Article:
On March 10th, 2014 IDI GTA held an evening dinner and talk on the Strategic Defamation of Fethullah Gulen with Dr. Dogan Koc, the executive director of the Gulen Institute.
His presentation began with a brief biography of who Fethullah Gulen was, stating that Gulen was a state preacher who studied both Islamic and Western thought. Koc emphasized that one of the main reasons why the Gulen movement is so popular in the first place is because Gulen supported both the conservative and modern, as he saw that there was nothing wrong with being both.
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The second part of his talk then focused on what the Gulen movement was, and the 3 major problems it aimed to tackle, those being: lack of education, conflict or disunity and finally, poverty. Koc also made it a point to note that many of these problems actually affect each other. For example, education was seen as an essential field of service, and by creating non religious private institutions to teach secular education such as math, science and English, the Gulen movement was able to have Muslims and Christians learning together, thus creating unity. At the same time, education itself also helped in dealing with poverty and conflict since more people were aware of what was happening around them.
Koc then started to speak about the highlight of the evening – the defamation of Gulen. He stressed that critic defamation was not referring to people who criticized the ideas of Gulen or movement itself, but instead defamation was when critics put forward false claims in order to impeach and damage Gulen’s character. He also mentioned that there were 2 major views of Gulen – the Turkish and the American. In Turkey, ultra secularists and radical Islamists viewed Gulen as an American puppet, a Zionist, and a Vatican agent. While in America, Gulen was seen as Islam’s trojan’s horse, an American Khomeini, and someone who was trying to resurrect the new Ottoman Empire and universal caliphate. All of which were false and ridiculous statements clearly meant to defame Gulen.
Finally, Koc ended his talk by bringing up the Erdogan-Gulen conflict and asked the question – Did Gulen support the Erdogan government? To this, he answered yes and no. Essentially, Gulen did support the Erdogan government in the beginning since he supported democratization and the end of military tutelage. However, by Erdogan’s third term, due to Erdogan’s authoritarian rule, Gulen ended up rejecting the notion of absolute obedience and his authoritarian government in general.
After Dr. Dogan finished his informative presentation, the night ended with a short question and answer session from the audience where questions of where to draw the line between freedom of speech and defamation was mentioned, along with the other goals of the Gulen movement.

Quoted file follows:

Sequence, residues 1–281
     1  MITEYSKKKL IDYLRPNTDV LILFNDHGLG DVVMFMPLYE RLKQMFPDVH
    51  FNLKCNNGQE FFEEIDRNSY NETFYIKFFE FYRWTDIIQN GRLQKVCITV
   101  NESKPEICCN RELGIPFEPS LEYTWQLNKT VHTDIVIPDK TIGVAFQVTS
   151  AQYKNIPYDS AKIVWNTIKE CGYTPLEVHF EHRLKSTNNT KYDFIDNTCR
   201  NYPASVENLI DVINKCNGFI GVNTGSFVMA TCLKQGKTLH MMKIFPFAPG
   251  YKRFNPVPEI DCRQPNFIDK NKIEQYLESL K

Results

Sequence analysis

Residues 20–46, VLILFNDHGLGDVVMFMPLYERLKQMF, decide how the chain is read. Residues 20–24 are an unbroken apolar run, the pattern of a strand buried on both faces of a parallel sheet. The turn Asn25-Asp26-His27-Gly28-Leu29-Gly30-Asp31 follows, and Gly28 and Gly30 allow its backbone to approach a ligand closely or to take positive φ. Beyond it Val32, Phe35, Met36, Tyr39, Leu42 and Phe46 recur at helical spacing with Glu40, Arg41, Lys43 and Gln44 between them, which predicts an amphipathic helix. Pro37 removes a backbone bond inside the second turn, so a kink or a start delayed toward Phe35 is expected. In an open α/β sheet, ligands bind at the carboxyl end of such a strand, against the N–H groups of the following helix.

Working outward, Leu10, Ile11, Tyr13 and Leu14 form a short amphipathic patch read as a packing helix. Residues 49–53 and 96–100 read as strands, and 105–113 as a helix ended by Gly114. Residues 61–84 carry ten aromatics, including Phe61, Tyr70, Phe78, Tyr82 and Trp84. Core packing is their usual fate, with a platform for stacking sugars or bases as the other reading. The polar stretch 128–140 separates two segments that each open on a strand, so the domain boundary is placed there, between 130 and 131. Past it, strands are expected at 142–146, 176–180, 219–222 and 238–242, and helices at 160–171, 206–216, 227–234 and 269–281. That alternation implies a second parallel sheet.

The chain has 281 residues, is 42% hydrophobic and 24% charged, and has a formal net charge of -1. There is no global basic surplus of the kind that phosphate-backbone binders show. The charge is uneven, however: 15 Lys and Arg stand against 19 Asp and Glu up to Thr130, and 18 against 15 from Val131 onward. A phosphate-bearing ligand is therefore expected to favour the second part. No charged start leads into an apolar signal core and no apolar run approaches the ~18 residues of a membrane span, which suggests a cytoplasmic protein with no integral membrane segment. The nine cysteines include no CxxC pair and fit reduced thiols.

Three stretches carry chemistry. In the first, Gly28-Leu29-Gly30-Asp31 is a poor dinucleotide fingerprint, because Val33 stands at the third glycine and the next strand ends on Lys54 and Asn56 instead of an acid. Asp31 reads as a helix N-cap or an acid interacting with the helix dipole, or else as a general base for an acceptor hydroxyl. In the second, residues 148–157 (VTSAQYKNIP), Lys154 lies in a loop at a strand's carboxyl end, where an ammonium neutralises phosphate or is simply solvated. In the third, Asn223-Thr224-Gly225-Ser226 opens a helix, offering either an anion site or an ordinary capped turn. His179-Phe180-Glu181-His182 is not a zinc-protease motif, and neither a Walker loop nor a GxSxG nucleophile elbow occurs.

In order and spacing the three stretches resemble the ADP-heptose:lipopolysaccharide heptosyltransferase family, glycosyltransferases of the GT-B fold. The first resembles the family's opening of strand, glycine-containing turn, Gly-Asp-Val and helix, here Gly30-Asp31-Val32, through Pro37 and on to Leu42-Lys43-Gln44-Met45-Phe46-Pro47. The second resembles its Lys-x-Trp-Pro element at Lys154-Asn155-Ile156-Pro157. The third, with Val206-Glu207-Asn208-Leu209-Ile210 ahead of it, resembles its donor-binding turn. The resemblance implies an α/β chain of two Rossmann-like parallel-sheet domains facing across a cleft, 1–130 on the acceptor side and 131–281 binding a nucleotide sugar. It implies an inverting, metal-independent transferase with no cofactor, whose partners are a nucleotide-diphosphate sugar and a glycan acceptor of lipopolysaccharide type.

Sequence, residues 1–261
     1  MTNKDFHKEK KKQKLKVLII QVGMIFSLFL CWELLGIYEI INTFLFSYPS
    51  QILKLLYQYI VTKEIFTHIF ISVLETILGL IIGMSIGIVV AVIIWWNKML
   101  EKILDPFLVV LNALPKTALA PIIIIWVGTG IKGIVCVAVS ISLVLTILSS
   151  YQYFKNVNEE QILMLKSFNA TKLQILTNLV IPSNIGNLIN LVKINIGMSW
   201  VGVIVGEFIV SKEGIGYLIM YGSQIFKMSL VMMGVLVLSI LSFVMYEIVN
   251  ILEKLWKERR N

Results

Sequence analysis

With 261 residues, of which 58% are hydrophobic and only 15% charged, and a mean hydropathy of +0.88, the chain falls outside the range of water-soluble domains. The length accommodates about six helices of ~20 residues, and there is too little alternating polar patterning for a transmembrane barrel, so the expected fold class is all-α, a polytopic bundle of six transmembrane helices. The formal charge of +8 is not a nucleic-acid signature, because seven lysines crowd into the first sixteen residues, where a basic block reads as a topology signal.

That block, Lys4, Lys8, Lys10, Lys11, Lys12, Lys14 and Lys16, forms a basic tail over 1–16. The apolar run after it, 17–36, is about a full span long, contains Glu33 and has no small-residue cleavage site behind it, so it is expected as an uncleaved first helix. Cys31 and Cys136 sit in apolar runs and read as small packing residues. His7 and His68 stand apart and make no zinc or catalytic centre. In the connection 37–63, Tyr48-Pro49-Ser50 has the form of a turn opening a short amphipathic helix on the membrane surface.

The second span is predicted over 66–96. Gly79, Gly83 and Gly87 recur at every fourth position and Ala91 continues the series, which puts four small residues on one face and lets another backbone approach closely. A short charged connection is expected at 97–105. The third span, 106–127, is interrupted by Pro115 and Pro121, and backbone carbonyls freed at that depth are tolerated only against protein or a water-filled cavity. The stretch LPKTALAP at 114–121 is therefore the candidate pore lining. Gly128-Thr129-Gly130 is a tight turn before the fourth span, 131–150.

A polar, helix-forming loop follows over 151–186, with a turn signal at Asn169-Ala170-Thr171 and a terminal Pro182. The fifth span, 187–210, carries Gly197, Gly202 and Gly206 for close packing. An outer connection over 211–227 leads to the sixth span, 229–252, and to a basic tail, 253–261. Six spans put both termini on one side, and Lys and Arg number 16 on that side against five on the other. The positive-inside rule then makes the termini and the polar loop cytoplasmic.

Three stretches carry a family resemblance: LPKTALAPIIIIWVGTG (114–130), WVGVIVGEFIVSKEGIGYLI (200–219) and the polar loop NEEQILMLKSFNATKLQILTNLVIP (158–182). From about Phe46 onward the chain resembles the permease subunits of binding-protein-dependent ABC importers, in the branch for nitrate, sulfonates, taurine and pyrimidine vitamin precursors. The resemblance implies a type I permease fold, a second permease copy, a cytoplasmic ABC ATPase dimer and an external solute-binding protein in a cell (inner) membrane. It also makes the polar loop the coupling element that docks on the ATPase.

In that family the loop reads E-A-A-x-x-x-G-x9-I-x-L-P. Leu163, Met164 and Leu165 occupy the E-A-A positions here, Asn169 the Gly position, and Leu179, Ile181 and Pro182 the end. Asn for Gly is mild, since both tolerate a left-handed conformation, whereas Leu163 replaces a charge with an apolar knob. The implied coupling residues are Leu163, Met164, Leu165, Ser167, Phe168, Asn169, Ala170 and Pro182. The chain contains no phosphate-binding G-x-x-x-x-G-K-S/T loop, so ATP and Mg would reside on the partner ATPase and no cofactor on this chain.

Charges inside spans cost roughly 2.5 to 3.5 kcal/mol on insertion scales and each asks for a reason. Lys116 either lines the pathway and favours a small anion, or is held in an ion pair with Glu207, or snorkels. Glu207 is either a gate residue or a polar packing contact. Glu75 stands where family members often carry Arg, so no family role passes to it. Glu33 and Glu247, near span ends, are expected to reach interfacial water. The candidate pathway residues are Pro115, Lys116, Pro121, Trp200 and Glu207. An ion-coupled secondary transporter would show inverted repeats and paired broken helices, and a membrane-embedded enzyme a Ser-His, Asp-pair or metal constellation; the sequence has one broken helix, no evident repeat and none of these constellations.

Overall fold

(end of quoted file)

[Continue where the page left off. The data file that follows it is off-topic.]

Dogan Koc is the executive director of the Gulen Institute at the University of Houston. Before his work at the institute, Dr. Koc worked at the Cairo University as a visiting scholar, and taught at the Austin College in Sherman, TX. He received his PhD degree in Political Science from the University of Texas at Dallas. Dr. Koc also holds degrees in chemistry, education, and sociology. In his studies, he focuses on conflict resolution, international relations, and social movements. He conducted one of the first and most extensive quantitative researches on Turkey’s Kurdish conflict, in which he analyzes the strategies of military, government and civil society applied in the resolution of the conflict. He is also the author of the recent book “Strategic Defamation of Fethullah Gulen: Turkish vs. English.”
Fethullah Gülen is a moderate Turkish Muslim scholar who is known mostly for his education and dialogue activities. The Hizmet Movement, inspired by Gülen, has established hundreds of education and dialogue institutions throughout the world. Several books and hundreds of articles and news reports have been written about Gülen himself and the movement. In recent years, a defamation campaign has been launched against Gülen and the Hizmet Movement. Although these defamation articles may seem random, this book shows that the articles are written strategically in a campaign manner. In Strategic Defamation of Fethullah Gülen, close to 500 defamation articles, books, and other forms of writings are analyzed according to their languages. Koç concludes that these defamations differ from each other and appear according to their respective audiences.
For more on Gulen, read recent Foreign Affairs article by Victor Geaten: http://www.foreignaffairs.com/articles/140941/victor-gaetan/the-muslim-martin-luther